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Global banks only have a 0.01% exposure to crypto, according to the BIS

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(Kitco News) - According to the latest Basel III Monitoring report, banks are in no hurry to adopt cryptocurrency and blockchain technologies. 

The new report, which was commissioned by the Bank for International Settlements (BIS), shows that the 19 largest financial institutions reportedly hold €9.4 billion ($9.18 billion) worth of crypto, which equates to 0.14% of “total exposure on a weighted average basis across the sample of banks reporting cryptoasset exposures.”

“When considering the whole sample of banks included in the Basel III monitoring exercise (ie also those that do not report cryptoasset exposures), the amount shrinks to 0.01% of total exposures,” the report said. 

This means that in total, the global bank exposure to crypto is only 0.01%, a clear sign that banks are not the driving force behind cryptocurrency adoption. 

The data provided came from 16 Group 1 banks and three Group 2 banks – ten of which are located in the Americas, while seven are in Europe and the other two are located in other parts of the world. According to the report, “Group 1 banks are those that have Tier 1 capital of more than €3 billion and are internationally active. All other banks are considered Group 2 banks.”

The authors of the report noted that while the figures provided are based on the most up-to-date data available to the BIS, the exponential growth rate of crypto makes it difficult to estimate the real exposure rate. 

“As the cryptoasset market is fast evolving, it is difficult to ascertain whether some banks have under- or over-reported their exposures to cryptoassets, and the extent to which they have consistently applied the same approach to classifying any exposures,” the report said. 


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Digging into the data

A deeper dive into the data provided shows that two institutions control more than half of the total cryptoasset exposures, four banks hold around 40% of that value, and the remaining 10% is split between 13 banks.

Breaking it down by asset, Bitcoin (BTC) comprised 31% of the total exposure while Ether (ETH) constitutes 22% of all cryptoassets held by the banking institutions surveyed. Products or “instruments” that utilize either Bitcoin or Ether as the underlying cryptoasset comprised 25% and 10%, respectively. “Together, these make up almost 90% of reported exposures,” the report said.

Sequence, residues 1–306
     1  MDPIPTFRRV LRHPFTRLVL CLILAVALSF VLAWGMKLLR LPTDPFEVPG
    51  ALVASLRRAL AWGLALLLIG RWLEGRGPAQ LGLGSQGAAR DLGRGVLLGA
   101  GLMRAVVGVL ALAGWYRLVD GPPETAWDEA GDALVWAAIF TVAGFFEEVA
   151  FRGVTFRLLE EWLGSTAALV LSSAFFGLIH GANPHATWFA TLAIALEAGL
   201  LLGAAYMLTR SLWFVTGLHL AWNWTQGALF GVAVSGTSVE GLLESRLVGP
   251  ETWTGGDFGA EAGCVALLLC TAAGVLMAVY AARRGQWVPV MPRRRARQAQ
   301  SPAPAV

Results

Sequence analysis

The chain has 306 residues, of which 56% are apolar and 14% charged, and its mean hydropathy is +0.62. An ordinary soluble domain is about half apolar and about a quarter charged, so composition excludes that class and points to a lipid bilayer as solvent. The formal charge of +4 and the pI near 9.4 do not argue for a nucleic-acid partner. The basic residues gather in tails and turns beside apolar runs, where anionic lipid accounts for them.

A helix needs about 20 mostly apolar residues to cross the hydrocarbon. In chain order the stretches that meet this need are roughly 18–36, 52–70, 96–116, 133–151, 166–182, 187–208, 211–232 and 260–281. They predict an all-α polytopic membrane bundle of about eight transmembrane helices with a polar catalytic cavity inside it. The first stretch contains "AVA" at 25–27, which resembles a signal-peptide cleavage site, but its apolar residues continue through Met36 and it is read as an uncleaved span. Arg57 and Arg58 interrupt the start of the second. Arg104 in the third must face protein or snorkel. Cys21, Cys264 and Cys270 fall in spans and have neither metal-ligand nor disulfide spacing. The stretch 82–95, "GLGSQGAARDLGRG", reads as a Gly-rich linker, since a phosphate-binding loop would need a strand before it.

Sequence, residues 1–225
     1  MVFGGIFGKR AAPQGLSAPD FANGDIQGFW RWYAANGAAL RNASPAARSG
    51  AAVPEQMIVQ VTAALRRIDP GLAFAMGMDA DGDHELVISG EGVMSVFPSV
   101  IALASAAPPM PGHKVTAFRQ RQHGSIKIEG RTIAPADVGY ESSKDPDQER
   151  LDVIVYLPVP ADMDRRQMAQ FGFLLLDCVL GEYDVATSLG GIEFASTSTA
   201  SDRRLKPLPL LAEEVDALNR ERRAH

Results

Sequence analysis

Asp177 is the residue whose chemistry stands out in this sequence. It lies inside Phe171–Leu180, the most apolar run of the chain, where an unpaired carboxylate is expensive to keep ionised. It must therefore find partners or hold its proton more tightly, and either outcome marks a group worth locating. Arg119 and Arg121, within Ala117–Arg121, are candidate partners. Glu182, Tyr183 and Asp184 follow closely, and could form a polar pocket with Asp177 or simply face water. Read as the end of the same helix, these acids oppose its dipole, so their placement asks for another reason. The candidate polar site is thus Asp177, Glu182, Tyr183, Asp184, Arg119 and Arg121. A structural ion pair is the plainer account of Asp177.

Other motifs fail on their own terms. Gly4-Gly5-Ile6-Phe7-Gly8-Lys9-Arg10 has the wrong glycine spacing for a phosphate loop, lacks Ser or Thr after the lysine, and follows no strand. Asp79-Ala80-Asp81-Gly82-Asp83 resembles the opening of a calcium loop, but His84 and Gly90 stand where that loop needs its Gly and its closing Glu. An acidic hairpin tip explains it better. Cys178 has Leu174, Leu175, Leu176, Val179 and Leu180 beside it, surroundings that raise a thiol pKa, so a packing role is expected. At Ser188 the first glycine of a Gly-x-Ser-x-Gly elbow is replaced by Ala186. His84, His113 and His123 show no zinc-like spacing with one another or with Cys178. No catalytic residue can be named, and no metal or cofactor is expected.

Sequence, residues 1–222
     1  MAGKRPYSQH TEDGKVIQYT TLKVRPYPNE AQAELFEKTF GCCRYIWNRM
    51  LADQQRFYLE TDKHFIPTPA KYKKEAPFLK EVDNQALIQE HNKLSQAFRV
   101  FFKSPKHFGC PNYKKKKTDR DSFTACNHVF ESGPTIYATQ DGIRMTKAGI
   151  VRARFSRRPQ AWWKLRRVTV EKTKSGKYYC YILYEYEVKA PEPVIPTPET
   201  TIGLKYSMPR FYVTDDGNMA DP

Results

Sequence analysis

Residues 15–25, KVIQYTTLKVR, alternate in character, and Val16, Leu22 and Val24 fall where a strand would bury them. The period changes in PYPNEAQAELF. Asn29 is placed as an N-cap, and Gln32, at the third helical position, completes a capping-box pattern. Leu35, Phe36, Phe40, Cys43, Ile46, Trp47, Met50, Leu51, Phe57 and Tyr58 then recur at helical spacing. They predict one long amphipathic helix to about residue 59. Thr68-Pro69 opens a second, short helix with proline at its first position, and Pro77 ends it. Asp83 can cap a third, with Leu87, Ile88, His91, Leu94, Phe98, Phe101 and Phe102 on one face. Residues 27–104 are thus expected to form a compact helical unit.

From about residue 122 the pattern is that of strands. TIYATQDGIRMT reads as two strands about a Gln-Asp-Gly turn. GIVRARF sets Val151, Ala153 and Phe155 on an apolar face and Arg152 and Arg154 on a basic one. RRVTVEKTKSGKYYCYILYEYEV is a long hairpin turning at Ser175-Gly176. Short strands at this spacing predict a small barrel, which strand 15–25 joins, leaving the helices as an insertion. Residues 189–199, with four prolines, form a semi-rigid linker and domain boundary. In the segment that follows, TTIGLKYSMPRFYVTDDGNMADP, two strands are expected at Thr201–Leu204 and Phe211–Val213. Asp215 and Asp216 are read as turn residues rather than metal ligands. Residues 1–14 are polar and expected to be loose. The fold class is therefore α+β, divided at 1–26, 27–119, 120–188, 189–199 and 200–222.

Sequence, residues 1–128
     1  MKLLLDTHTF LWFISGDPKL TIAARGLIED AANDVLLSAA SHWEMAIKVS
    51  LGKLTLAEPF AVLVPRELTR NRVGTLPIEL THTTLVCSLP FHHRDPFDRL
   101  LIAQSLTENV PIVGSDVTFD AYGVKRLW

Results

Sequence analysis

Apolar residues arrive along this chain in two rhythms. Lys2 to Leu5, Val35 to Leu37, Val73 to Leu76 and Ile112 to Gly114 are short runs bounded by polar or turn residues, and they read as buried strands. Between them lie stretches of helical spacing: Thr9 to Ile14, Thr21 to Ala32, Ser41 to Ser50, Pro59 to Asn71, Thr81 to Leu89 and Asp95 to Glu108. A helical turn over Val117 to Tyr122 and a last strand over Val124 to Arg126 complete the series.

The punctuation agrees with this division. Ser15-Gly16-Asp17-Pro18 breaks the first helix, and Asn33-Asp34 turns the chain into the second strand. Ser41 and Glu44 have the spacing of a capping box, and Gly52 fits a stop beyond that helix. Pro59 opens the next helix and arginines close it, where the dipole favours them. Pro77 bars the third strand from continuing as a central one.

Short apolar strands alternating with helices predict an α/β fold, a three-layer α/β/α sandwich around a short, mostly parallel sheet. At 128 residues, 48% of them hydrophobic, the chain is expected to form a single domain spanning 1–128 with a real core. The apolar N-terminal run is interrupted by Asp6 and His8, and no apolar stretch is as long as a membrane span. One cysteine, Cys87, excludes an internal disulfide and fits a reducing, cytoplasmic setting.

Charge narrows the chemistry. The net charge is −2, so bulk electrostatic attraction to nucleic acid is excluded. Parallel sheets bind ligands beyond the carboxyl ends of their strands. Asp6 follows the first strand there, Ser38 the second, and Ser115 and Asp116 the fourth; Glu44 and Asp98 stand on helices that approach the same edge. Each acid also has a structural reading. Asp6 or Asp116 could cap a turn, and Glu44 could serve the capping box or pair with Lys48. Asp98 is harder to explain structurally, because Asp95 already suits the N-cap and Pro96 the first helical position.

Other notable holdings include Polkadot (2% of reported exposures), XRP (2%), Cardano's ADA (1%), Solana (1%), Litecoin (0.4%) and Stellar (0.4%). Additional tokens that were also reported in smaller amounts include the stablecoin USD Coin (USDC) and several unidentified tokenized assets. 

The three main categories of activities and crypto-related functions that the above allocations expose the banks to include crypto holdings and lendings (4.2%); clearing, client and market-making services (45.7%); and custody/wallet/insurance and other services (50.2%).

The Custody/wallet/insurance and other category includes all custody, wallet, and insurance services for cryptoassets and facilitating client activity such as self-directed or manager-directed trading. 

All trading activities on client accounts, clearing crypto derivatives and futures, ICOs, and issuing securities with underlying crypto assets fall under the “clearing, client and market-making services” category. 

Holding and investing in cryptoassets, lending to entities, and issuing cryptoassets backed by assets on the bank’s balance sheet are included in the crypto holdings and lending category.

Disclaimer: The views expressed in this article are those of the author and may not reflect those of Kitco Metals Inc. The author has made every effort to ensure accuracy of information provided; however, neither Kitco Metals Inc. nor the author can guarantee such accuracy. This article is strictly for informational purposes only. It is not a solicitation to make any exchange in commodities, securities or other financial instruments. Kitco Metals Inc. and the author of this article do not accept culpability for losses and/ or damages arising from the use of this publication.